COMMUNITY councillors have opted not to object to controversial plans for an anaerobic digestion plant at a county quarry.

GreenForty Development Limited wants to build the plant at Bangley Quarry, north of Haddington, which is currently owned by Tarmac.

Four members of the public, who were against the proposal, joined the town’s community council during discussions on the subject at a recent meeting.

However, despite arguing their case, community councillors have decided not to lodge an objection, although they will raise concerns about the potential impact on the surrounding roads.

Members voted on whether to object, with only Morgwn Davies and Betty Sommerville calling for the scheme to be turned down.

According to documents with the local authority’s planning department, the facility would use a variety of feedstocks, such as grass silage, hybrid rye, straw and vegetable processing residues, to produce renewable gas.

The majority of feedstocks would be delivered to the development, rather than stored on site.

Once the biogas is produced, it would be ‘captured’; with most of it then cleaned up before being put into the gas network.

Protestors, including David Cockerton, who owns nearby Garleton Lodge luxury accommodation, highlighted a number of issues.

He had a number of concerns, including odour and noise.

He said the quarry would act as “an amphitheatre” and added: “It is not a brownfield site, it is not business class, it is not industrial – it is a quarry that has had eight years’ worth of naturalisation and should have been restored to the countryside approximately six years ago.”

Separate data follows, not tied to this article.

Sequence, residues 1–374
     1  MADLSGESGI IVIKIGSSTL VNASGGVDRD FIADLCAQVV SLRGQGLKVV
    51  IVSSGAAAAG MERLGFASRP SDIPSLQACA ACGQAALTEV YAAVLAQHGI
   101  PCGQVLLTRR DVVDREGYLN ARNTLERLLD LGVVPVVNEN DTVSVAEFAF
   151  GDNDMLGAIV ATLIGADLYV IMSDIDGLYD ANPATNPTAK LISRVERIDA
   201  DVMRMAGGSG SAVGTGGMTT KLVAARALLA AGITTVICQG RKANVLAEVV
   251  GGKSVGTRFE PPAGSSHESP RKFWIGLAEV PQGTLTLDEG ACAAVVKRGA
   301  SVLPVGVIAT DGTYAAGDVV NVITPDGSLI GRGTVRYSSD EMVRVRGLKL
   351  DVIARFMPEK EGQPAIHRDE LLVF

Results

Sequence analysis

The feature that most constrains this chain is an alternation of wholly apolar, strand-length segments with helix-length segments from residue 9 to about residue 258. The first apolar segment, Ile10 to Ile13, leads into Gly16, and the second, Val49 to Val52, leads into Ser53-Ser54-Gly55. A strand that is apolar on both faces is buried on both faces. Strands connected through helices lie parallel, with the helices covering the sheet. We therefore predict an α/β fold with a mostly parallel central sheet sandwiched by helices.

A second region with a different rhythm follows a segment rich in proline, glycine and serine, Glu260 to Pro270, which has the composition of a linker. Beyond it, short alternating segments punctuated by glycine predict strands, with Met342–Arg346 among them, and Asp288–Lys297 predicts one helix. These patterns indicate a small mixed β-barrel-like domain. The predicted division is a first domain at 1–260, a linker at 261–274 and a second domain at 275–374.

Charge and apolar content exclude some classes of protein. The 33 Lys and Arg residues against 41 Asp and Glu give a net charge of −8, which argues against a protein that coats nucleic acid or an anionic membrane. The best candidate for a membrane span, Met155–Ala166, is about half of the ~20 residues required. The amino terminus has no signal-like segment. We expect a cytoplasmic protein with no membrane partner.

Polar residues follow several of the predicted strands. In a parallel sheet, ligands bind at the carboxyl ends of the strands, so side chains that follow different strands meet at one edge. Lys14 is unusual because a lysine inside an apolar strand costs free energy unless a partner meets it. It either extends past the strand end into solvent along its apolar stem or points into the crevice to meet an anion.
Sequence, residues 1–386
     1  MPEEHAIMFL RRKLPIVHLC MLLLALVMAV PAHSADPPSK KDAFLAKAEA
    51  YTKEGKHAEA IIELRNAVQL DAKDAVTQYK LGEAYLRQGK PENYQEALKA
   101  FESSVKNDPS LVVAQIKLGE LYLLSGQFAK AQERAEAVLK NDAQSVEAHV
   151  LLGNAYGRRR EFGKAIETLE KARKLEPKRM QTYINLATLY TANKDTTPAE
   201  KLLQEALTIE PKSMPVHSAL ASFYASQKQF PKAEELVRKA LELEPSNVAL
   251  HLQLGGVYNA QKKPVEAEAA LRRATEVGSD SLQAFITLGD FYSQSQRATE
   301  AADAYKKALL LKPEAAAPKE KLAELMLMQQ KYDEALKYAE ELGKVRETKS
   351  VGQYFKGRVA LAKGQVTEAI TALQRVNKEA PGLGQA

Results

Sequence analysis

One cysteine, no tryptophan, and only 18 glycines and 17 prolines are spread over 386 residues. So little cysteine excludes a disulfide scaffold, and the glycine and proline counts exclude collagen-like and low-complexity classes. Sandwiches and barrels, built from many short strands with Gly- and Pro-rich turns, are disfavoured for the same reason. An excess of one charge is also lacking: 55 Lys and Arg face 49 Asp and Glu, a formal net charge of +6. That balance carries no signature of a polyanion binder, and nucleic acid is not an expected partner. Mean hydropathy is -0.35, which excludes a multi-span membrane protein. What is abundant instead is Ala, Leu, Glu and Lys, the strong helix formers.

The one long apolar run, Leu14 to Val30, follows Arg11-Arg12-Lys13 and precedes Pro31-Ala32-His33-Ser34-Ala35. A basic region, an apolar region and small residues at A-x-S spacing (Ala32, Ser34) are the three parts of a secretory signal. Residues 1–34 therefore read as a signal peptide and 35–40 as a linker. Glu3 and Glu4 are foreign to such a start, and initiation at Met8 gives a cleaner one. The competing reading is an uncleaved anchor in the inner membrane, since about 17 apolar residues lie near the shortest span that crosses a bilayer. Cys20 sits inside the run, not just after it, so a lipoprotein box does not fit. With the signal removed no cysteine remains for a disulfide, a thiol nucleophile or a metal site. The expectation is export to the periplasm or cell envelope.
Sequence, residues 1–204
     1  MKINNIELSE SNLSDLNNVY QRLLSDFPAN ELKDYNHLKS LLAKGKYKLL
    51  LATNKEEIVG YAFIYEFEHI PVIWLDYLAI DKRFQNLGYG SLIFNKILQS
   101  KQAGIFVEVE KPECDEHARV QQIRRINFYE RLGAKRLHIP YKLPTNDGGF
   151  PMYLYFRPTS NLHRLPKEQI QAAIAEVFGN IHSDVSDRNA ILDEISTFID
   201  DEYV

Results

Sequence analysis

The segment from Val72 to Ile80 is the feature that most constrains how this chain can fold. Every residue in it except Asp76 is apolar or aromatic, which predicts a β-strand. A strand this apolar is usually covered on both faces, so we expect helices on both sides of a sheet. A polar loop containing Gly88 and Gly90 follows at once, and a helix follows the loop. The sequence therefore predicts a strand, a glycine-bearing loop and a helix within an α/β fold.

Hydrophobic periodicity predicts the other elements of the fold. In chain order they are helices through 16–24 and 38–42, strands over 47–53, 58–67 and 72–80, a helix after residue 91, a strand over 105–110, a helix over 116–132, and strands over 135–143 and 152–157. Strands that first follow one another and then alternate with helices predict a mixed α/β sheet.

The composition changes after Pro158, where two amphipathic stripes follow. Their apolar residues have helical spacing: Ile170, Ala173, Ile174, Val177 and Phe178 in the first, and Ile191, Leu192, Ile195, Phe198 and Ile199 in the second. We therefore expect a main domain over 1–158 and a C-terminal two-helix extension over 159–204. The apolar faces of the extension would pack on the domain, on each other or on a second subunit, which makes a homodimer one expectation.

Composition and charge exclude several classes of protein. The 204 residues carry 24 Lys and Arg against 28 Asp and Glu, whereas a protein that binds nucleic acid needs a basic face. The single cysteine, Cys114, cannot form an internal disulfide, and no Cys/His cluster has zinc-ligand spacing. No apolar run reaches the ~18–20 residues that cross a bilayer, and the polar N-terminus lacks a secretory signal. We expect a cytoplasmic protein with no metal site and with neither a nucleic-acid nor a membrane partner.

The number of lorries going to and from the site was also disputed by those against the proposals.

According to the transport assessment, 131 two-way vehicle movements per day, which equals more than 47,000 a year, would take place on the roads surrounding Bangley Quarry.

Paul Darling, one of the community council’s planning liaison officers, felt that the site was one of the better potential locations in East Lothian for such a facility but added one of the main “bug bears” was the volume of traffic on the surrounding narrow roads.

Jan Wilson, the group’s chairwoman, encouraged any member of the public who was for or against the proposal to make their feelings known to East Lothian Council.

Last summer, the local authority turned down plans for an anaerobic digester at Standalane, near Ballencrieff, after lengthy discussions during a planning committee meeting held in Haddington’s Corn Exchange.

Council leader Willie Innes was among those voting against it and described it as “the right [thing], but in the wrong place”.

Councillors Tom Trotter and John McMillan were both at the recent community council meeting but declined to comment due to sitting on the planning committee, which could decide whether to approve or reject the proposal.